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But what of the Starborn Guardian and the Starborn Spacesuit Astra, you ask? Well, they are some of the most powerful items you can acquire in Starfield, but what if I told you things can get even crazier? Every time you complete a New Game+ run and revisit the Unity, you get to enter another new universe and acquire even stronger ship and suit variants, at least up to a certain point. The starship caps at Starborn Guardian VI (i.e., six New Game+ resets), while the armor only goes up to Starborn Spacesuit Venator (which requires 10 New Game+ reboots). Still, once you acquire these rewards, you won’t want for another ship or suit again.

There is a considerable catch to all of those perks, though. While you will retain most of the things that make you…well, you in New Game+, you will lose almost all of your worldly possessions and other ties to the universe. Specifically, you start New Game+ without your previously earned inventory, resources, ships, credits, weapons, armor, relationships, outposts, and quest completion progress. New Game+ essentially resets the universe, so all of those things will be gone. Depending on where you’re at when you start New Game+, that can mean losing hours of progress (at least in terms of stuff).

Starfield: When Should You Start New Game+?

There are ultimately many benefits to Starfield’s New Game+ mode. You get powerful new armor and spaceships, as well as upgraded powers. Many players may choose to experience it at some point. The more pertinent question is whether you should rush into Starfield’s New Game+ mode.

To be blunt, there are pros and cons to the speedrun approach. The most obvious reason to enter New Game+ as quickly as possible is the rewards you get for doing so. The spacesuits, ships, and powers you acquire are downright broken, and the more New Game+ reruns you go through, the more Starfield becomes a power fantasy. Reset the game via Unity enough times, and your character’s abilities will come within spitting distance of godhood. However, depending on who you ask, though, that’s the wrong way to play.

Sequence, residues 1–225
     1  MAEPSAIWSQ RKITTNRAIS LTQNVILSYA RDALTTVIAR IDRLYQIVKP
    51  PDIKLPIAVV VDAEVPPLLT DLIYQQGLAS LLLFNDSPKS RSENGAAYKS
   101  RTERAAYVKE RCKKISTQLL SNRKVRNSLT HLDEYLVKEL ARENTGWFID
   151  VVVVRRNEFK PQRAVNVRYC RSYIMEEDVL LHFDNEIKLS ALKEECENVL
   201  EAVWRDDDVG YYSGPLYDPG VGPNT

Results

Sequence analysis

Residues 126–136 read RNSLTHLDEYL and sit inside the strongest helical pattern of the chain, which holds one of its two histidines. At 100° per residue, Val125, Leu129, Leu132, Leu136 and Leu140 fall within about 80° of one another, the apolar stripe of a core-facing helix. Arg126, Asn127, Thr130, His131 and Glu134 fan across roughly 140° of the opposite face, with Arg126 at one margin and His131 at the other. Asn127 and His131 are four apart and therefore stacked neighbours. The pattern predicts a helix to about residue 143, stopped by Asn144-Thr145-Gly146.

Like Bethesda’s other titles, Starfield is a sandbox game. The main story is only part of the experience. The meat of the adventure lies in mining planets of resources, helping random strangers (or mugging them), and eavesdropping on countless world-building conversations. Starfield is the kind of game where the journey is more important than the destination. Blazing through the campaign just to play the way someone really wants to play isn’t going to be everyone’s idea of a good time.

Besides, what fun is entering a fresh new universe that lets you make new decisions if you didn’t even stop long enough in your initial universe to make decisions in the first place? The differences your choices make won’t mean squat if you don’t have anything to compare them to. And that’s to say nothing of all the random encounters you miss out by speeding through the narrative, because there’s no way to tell when, or even if, they will pop up in your New Game+ alternate universe. 

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However, that argument is tempered by all of the things you will lose. If you’ve invested quite a bit of time into Starfield, you may be understandably hesitant to reset all of that progress just for a new ship, a new suit, and a few power upgrades. There will be players who hop into New Game+ without understanding that considerable drawback is part of the process, and they will almost certainly be quite confused and very angry.

If you just want to bounce around Starfield‘s universe and do whatever you want as soon as you can, you should probably do that and enjoy yourself. If all of that New Game+ content sounds appealing to you, though, then you may want to hold off on acquiring anything you don’t want to lose once you start a New Game+ run and treat the campaign like an expanded tutorial. Ultimately, it’s about knowing what you’re getting yourself into.